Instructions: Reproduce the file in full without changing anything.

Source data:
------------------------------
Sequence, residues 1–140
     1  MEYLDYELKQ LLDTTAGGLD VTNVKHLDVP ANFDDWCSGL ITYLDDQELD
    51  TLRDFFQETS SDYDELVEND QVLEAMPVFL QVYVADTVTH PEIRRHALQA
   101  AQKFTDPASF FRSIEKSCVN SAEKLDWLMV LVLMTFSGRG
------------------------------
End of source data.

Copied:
Sequence, residues 1–140
     1  MEYLDYELKQ LLDTTAGGLD VTNVKHLDVP ANFDDWCSGL ITYLDDQELD
    51  TLRDFFQETS SDYDELVEND QVLEAMPVFL QVYVADTVTH PEIRRHALQA
   101  AQKFTDPASF FRSIEKSCVN SAEKLDWLMV LVLMTFSGRG